By Linda Bentley | october 14, 2015

Why hold voters to lower standard when it comes to tax increases?

Citizens and taxpayers are responsible for holding CCUSD93 officials accountable for the dollars they choose to spend
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PHOENIX – Last week Boaz Witbeck, policy analyst for the Arizona chapter of Americans for Prosperity (AFP), issued a rebuttal of sorts to the policy letter Maricopa County Treasurer Charles “Hos” Hoskins included with Maricopa County property tax bills about why residential property taxes have gone up.

Witbeck says Hoskins’ letter has reopened the policy debate about the extent to which property tax burdens have been shifted from business property taxpayers to residential property taxpayers.

Boaz Witbeck

However, while acknowledging the usefulness of the debate about the shifting tax burden, he calls Hoskins claim, “Voicing your opinion to anyone other than your legislators will change nothing,” a claim emphasized repeatedly in his letter, “highly misleading.”

Witbeck directs taxpayers’ attention to a few examples found on their property tax bill, pointing out several line-item levy amounts from various local government taxing authorities, including local K-12 school districts, community college districts, city government, county government and other special taxing districts.

Witbeck states, “Each of those taxing districts have authority, completely independent of the state legislature, to raise (or more rarely, lower) your property tax levy.”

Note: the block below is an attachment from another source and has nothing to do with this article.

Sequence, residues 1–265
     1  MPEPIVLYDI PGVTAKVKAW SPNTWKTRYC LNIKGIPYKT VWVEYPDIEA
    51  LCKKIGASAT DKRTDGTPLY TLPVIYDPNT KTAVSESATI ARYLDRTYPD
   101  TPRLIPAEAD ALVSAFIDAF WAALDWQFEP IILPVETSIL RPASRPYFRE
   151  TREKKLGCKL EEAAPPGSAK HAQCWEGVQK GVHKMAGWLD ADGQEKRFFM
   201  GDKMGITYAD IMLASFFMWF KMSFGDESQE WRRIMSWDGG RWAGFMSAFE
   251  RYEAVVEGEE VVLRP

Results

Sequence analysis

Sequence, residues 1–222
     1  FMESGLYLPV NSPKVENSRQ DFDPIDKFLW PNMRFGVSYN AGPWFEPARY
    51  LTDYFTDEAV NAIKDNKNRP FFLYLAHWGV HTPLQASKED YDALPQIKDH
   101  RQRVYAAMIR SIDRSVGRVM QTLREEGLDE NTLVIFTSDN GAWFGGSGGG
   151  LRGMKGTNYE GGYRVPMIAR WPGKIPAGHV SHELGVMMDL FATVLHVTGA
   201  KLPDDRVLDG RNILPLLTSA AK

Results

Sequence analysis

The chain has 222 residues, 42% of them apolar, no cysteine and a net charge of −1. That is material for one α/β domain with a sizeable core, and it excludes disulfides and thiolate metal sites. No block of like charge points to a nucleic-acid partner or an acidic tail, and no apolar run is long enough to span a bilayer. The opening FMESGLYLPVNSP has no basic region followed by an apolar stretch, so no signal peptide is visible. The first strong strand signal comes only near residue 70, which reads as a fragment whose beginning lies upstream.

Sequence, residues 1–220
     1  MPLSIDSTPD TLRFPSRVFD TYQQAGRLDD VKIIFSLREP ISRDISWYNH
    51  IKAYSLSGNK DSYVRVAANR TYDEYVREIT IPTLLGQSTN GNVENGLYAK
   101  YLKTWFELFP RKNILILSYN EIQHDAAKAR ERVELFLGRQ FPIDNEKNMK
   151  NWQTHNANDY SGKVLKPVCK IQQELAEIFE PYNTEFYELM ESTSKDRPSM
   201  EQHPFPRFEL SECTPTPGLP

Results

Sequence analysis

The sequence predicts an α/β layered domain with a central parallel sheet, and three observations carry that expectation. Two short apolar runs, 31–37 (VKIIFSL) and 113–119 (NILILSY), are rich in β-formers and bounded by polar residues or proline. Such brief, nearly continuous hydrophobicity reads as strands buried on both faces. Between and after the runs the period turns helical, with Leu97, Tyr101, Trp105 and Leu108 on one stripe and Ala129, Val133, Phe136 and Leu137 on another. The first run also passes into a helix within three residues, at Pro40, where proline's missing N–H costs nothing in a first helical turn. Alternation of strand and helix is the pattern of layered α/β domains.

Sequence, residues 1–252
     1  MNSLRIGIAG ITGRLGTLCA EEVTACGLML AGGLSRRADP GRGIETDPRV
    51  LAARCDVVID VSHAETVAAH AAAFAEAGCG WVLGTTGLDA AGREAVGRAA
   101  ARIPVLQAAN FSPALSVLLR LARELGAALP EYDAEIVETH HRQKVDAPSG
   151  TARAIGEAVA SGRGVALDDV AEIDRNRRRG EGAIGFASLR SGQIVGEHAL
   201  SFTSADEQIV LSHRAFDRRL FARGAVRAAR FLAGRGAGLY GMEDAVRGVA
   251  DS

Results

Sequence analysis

In Cave Creek, those taxes make up the majority of our tax bill.

However, he also points out, as Sonoran News has done in the past to counter the Cave Creek Unified School District’s (CCUSD93) claim that it has one of the lowest tax rates in the state, to always focus on the levy, which is the actual number of dollars that must be paid, as opposed to the rate.

Witbeck stated, “If local officials brag to you that they have lowered property tax rates, hold on to your wallet and ask them what is going to happen to your actual levy.”

As voters may have noticed, numerous school districts, including CCUSD93, Phoenix Union, Paradise Valley Unified and Scottsdale Unified, have placed budget overrides and bond measures on the Nov. 3 ballot, which, if passed by voters, will increase property tax bills.

According to Witbeck, these tax increase measures are on the ballot, driving up property taxes, at the sole discretion of local elected officials, such as the local school board, not the state legislature.

Using Phoenix Union as an example, Witbeck said the school board members could have decided spending $9,627 per student is enough.

However, even without the override, Phoenix Union will spend over $9,000 per student, which he states is enough money to put two teachers, with salaries of $75,000 each, in every classroom of 25 students.

Instead of trying to raise taxes with an override measure, the school board could have opted to cut excess administration and other waste.

Citizens and taxpayers are the ones responsible for holding local officials accountable for the dollars they choose to spend.

However, when it comes to property tax levies, voters are held to a lower standard than our legislature.

In order for the legislature to impose new or increase existing taxes, they must have a super-majority vote.

Voters, on the other hand, who impose the majority of taxes found on property tax bills, are able to do so with a simple majority vote.

So, perhaps the legislature can do something after all.

The legislature could, if someone were to ask them, introduce legislation that requires a super-majority vote of all votes cast in order to pass bonds, overrides and other special district property taxes.

AFP is in the process of finalizing its legislative agenda and, according to Witbeck, they will definitely include a bill related to overrides and bond elections.

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